In 1941 New Guinea was divided into three parts. The western half was part of the Dutch East Indies. The eastern half was divided between Papua New Guinea, an area originally controlled by Britain but ceded to Australian control early in the twentieth century. Until 1914 Germany had found its place in the sun in the Pacific, controlling northeastern New Guinea as well as three large islands slightly to the east. The islands known as New Britain and New Ireland made up the bulk of the Bismarck Archipelago. Rounding out the kaiser's tropical empire was the large island of Bougainville, which was geographically and ethnically a part of the Solomon Islands directly southeast of the Bismarcks. During World War I Australians quickly seized the German territories, and after the peace the Bismarcks, Bougainville, and Northeast New Guinea together formed the Australian Mandated Territories. The Solomons, an old British colony, was administered by a handful of British officials and a few dozen constabularies.
What developed into a fierce two-year battle of attrition between the Allies and Japan in the skies over the South Pacific began as a small component of Tokyo's stunning Pacific blitzkrieg in the five months after Pearl Harbor. In the months leading up to December 1941 the Japanese government and the Imperial High Command dealt with a multitude of issues that had great potential for unforeseen consequences. The Japanese knew this and fully realized that their decision to make war on the United States, the British Commonwealth, and the Netherlands was a historic gamble. It was impossible for Tokyo to envision the ramifications of each decision made within one of the broadest and most ambitious military campaigns in history.
In outline Japan's political and military quandaries were essentially quite simple. The war initiated by Japan against China had developed into a costly stalemate with no obvious end in sight. When Hitler crushed France and put Britain into mortal peril, a tremendous power vacuum appeared in mineral-rich Southeast Asia, still controlled, with the exception of Thailand, by Western powers. When Hitler attacked the Soviet Union in the summer of 1941, Japan's traditional enemy in the modern era also appeared to be headed for doom. Japan, that same summer, possessed a freedom of action undreamed of by previous governments in Tokyo. Whether a member of the Japanese elite sincerely believed that Japan had a mission to free Asia of European and American imperialism or simply found the argument a convenient justification for the creation of a greater Japanese empire was irrelevant. The fact remained that with France gone, and both Britain and the Soviet Union facing defeat, the opportunity presented itself to destroy the European empires in Southeast Asia and bring the fabulous geopolitical riches available there under Tokyo's control.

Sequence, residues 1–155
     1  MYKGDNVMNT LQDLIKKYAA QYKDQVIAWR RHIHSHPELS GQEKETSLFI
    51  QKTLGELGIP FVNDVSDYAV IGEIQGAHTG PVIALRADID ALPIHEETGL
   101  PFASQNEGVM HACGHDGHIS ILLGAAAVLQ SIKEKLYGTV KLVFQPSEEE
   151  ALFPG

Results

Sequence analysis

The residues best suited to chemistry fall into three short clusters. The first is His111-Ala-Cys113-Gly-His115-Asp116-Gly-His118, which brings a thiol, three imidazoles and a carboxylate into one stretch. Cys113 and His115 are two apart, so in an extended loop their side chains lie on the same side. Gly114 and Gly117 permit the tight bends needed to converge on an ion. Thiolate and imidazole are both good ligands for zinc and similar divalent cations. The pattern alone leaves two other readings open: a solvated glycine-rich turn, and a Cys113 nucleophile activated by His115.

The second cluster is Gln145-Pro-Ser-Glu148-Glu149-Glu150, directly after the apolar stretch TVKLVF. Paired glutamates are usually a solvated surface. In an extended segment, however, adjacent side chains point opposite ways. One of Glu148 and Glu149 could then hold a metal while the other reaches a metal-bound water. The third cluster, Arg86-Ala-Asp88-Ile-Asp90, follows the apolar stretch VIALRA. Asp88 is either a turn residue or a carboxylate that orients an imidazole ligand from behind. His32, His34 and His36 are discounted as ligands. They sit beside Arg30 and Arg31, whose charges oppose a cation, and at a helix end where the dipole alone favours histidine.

At the heart of Japanese policy in the late 1930s was an ingrained belief, among government elites, in Japan's cultural superiority combined with the acute awareness of the roadblocks preventing it from becoming a fully developed industrial power. Japan's population was large and young. This was a military advantage in the short run but made the country dependent on food imports. Except for the basic minerals that are commonly found in landmasses, Japan lacked the natural resources required for economic development. At the top of the list of resources not present, naturally, was oil.
So Japan, in the eyes of its leadership and much of its intelligentsia, was overpopulated and lacking in physical resources. This left the country dependent upon imports from other nations. Many nationalists argued that this situation was both dangerous and humiliating. Although the public was carefully shielded from the events, Japan's industrial weakness in the military realm was shockingly illustrated in 1939 when the tanks and artillery of the Red Army administered a brutal defeat to the light infantry army fielded by Japan in Manchuria. Generals with foresight, many of whom were very influential in Tokyo, argued that a much larger defeat might await Japan unless its industrial base was brought up to a level to match that of the USSR or the United States.